I got my Fujifilm X100 on May 19th and sat down with it to learn its unique ways. Coming from an SLR (Canon) and a Fuji F30 (point and shoot) background, the camera does not seem intuitive and I had to consult the manual several times. Eventually, I got the settings approximately where I wanted them and went to downtown Madison in order to snap some frames.
A few things I quickly noticed were:
• Start up/wake up from sleep mode are pretty slow.
• There’s some serious lag between shots, not sure why the data isn’t sent to the buffer. With my Class 10 SD card a RAW file takes a few seconds to write.
• Virtually silent operation when the volumes are off.
• Impossible to manually focus by eye. Rather, manual focus can be achieved by use of the digital distance scale found in the displays. It may come in handy someday but I’m very used to autofocus so I’ve gone that route.
• Difficult to throw subjects out of focus with the 23mm optical prime. Even at f/2-f/2.8 you need to be pretty close to get some decent bokeh. If you’ve seen Chris Weeks’ photos shots wide open with a Leica f/1.4 you’re gonna have a heck of a time trying to replicate it.
• Street photography is more difficult than I had thought. You need to get really close with a 35mm to fill the frame.
• I definitely need a lens hood. The front element is simply not protected. I have a few options ordered on eBay that should be here soon. Both involve using a step down ring adapter to attach the metal hood.
• I also use a GGS glass LCD protector. It sticks onto the LCD screen and keeps it from getting scratched. Once applied you won’t even notice it’s on.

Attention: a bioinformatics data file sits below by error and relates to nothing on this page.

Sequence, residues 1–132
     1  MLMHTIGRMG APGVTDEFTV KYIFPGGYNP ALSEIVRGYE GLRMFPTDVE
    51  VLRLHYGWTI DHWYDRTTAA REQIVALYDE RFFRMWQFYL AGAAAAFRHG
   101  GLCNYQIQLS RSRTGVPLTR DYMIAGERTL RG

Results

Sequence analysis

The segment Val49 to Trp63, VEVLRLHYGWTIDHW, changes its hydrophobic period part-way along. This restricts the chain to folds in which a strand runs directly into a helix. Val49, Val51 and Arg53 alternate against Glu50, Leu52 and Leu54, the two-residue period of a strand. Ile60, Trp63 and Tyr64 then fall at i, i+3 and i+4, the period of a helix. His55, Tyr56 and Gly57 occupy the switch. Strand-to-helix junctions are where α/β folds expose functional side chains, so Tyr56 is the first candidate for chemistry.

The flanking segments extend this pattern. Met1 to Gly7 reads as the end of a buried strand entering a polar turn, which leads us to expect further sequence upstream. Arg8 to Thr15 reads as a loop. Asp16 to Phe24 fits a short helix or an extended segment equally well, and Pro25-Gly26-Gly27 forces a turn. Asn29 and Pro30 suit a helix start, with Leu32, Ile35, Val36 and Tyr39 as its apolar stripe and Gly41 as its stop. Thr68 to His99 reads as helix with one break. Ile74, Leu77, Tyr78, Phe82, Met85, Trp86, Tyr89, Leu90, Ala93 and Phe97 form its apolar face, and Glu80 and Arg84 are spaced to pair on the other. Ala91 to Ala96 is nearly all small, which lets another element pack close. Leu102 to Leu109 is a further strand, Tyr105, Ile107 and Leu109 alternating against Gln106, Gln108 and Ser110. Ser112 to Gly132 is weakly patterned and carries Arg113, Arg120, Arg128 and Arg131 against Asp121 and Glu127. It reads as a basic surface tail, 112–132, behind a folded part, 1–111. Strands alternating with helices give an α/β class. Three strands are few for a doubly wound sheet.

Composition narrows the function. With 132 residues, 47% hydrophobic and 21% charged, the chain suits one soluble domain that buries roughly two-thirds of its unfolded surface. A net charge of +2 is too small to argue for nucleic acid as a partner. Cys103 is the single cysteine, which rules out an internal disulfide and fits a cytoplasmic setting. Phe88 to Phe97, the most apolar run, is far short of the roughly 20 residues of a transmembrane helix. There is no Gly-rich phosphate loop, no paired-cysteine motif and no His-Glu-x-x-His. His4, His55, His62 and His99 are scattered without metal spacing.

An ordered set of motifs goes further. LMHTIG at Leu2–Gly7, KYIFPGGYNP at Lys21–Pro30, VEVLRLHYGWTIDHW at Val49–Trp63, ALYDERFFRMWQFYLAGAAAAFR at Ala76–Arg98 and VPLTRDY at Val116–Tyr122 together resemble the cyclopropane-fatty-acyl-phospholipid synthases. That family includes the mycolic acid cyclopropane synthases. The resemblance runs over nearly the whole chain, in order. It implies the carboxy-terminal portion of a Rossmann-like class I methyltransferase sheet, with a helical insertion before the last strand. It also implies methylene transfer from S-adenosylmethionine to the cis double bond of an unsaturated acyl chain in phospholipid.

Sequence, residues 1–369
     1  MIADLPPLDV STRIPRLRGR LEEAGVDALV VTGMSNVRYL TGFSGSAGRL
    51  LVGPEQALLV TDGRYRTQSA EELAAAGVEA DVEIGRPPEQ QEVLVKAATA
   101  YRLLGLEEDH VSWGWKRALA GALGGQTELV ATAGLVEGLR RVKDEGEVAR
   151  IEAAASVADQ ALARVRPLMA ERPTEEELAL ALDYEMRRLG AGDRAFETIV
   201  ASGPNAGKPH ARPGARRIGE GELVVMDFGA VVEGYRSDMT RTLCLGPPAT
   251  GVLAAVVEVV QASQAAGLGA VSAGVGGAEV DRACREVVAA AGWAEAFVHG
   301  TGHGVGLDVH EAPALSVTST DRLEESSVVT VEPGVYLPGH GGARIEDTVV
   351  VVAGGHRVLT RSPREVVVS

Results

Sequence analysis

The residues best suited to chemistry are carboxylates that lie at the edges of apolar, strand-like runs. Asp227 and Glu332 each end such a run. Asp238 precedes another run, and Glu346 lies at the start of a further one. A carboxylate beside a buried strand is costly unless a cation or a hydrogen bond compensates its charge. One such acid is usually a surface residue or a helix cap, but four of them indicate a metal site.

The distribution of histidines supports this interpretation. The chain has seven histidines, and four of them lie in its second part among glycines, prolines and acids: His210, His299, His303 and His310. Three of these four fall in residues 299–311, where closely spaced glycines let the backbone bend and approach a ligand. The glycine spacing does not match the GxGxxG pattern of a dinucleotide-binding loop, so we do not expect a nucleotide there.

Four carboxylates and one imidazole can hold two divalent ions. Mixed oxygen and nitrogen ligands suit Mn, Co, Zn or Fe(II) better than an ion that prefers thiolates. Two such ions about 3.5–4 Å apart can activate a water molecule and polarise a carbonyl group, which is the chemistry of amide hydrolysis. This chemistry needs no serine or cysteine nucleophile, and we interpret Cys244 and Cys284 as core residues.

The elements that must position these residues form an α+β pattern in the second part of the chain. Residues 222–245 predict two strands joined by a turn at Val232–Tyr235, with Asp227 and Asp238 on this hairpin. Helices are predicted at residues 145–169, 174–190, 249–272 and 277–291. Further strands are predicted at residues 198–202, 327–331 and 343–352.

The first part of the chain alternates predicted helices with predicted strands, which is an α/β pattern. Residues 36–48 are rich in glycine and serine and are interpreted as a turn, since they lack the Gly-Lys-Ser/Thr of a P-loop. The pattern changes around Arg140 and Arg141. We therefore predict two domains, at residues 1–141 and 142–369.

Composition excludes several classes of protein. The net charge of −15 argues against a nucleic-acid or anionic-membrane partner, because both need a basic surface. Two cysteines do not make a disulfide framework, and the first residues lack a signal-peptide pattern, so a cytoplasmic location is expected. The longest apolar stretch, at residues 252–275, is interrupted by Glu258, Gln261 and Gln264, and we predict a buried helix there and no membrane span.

My X100 with ultra-plush neoprene Opteka strap. I keep the strap short to keep the camera resting on my chest. Then if I have my D-SLR with me it sits well below the rangefinder.
With the X100 I’ve found myself shooting almost exclusively in .jpg mode rather than RAW. The noise reduction and image processing Fuji uses is stellar and saves me having to use NoiseNinja in post. Additionally, .jpg write time is much, much faster.
f/2.8 ISO 3200 1/30 sec. handheld. This was my initial testing with the camera and I was blown away by the great IQ in low-light.
Needless to say, the X100 really shines at street photography.
It’s light and easy to carry around and only attracts attention from hardcore camera buffs. In four days I’ve been stopped twice by people asking if it’s the rumored X100.
One thing that is rather tricky is getting used to composing the photos switching between the optical (OVF) and electronic viewfinder (EVF). I didn’t anticipate myself really using the digital viewfinder prior to getting the camera… I figured I’d be an optical purist. In low light the digital viewfinder is incredible-amplifying the scene to brighter levels than the eye can see. It also covers 100% of the shot. Whereas, the optical covers more and you need to use guidelines to compose. Not something I’m yet used to.
As I’ve slowly gotten used to the camera, I have grown much more accustomed to how the menus are laid out. I often shoot in aperture priority mode so that exposure is consistent from shot-to-shot without having to switch up.
Quick X100 photo on-location using studio lights with fitness model KJ Lyn.
It seems the strengths of the camera are the industrial design and low-light performance. It certainly doesn’t handle as capable as a modern D-SLR in many other aspects. Nevertheless, its images are very impressive for a camera in such a small and good-looking package.
Behind the scenes at an editorial photo shoot using available light with the X100 (cross processed).